UCL School of Pharmacy


New study finds that beta-blockers increase cardiovascular risk for sleep apnoea patients

9 August 2023

A new study led by Dr Kenneth Man warns of potential health risks for obstructive sleep apnoea (OSA) patients who use beta-blockers, indicating an increased risk of cardiovascular diseases (CVDs) and possibly higher mortality rates.

A person sleeping. They are covered by a white linen duvet.

The study, conducted with data from over 37,000 patients from 2000 to 2021, aimed to investigate the real-world impact of beta-blocker use on OSA patients' health outcomes. It utilised the UK primary care data from the IMRD-UK database, revealing important findings on beta-blocker effects for the first time.

"The five-year risks of mortality and CVD outcomes were higher among beta-blocker users compared to non-users," the study finds. Specifically, the risks were 4.9% and 13.0% respectively for beta-blocker users, against 4.0% and 9.4% in non-users. There was also a noted risk difference and ratio for both mortality and CVD outcomes between the two groups.

These findings suggest that beta-blocker use may pose an elevated risk to patients suffering from OSA, a condition that affects millions worldwide. Dr Kenneth Man (UCL School of Pharmacy) commented on the surprising findings. "Our study underscores the urgent need for further investigation into the relationship between beta-blockers and health outcomes in OSA patients," they said. "Our hope is that this information will help medical professionals make more informed decisions when treating patients with OSA."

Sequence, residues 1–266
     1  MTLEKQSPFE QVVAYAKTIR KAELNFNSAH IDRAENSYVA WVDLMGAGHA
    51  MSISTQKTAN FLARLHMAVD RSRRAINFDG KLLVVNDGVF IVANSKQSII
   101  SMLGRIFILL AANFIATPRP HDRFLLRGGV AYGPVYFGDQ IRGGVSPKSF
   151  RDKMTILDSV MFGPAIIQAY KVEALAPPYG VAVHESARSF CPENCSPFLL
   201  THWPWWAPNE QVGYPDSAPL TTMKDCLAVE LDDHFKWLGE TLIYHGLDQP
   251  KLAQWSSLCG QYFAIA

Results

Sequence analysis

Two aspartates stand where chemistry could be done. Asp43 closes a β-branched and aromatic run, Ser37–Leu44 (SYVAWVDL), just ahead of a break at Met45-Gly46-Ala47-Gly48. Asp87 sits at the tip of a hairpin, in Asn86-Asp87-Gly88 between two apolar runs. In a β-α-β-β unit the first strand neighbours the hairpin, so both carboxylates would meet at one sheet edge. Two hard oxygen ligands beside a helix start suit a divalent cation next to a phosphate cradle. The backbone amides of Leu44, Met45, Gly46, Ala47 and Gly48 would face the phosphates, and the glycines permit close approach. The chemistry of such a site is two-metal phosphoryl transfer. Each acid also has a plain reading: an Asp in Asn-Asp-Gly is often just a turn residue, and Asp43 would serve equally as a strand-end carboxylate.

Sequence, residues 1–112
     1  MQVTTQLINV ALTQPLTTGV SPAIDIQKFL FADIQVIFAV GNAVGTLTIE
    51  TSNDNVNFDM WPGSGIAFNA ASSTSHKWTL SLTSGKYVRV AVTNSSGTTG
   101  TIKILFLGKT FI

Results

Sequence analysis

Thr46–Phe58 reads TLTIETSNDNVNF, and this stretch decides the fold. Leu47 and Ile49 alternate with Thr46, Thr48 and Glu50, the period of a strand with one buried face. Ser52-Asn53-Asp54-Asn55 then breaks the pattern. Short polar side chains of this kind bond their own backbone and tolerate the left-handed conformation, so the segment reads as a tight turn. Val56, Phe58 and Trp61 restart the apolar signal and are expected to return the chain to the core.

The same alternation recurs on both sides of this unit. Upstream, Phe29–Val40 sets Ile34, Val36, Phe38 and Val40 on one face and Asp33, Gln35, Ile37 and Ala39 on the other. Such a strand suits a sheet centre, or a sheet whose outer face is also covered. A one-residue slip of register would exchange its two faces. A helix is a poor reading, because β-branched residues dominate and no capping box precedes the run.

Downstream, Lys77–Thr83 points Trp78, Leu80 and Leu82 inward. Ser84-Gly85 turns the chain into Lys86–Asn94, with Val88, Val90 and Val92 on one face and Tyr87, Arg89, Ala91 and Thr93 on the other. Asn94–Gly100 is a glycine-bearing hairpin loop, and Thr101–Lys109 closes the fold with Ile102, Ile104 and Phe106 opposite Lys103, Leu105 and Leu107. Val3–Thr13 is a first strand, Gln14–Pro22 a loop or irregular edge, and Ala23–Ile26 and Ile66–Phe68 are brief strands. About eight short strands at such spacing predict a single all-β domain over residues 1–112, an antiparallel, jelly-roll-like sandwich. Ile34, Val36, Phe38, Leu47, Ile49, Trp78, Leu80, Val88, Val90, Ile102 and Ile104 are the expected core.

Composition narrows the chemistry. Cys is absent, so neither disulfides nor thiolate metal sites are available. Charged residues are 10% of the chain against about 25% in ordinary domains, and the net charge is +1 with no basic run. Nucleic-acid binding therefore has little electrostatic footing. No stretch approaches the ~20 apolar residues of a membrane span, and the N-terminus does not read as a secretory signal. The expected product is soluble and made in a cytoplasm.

This extensive study is one of the few exploring the real-world implications of medical treatment in OSA patients. It emphasises the importance of careful and continued monitoring of these patients and encourages further investigation in this field.

Further studies are anticipated to confirm these findings and delve deeper into understanding the association between beta-blocker usage and patient outcomes. Until such studies are conducted, the medical community is urged to consider the potential risks highlighted by this research when treating patients with OSA.

Further information:


Twitter: @KennethKCMan  

Image credit:

Kinga Howard on Unsplash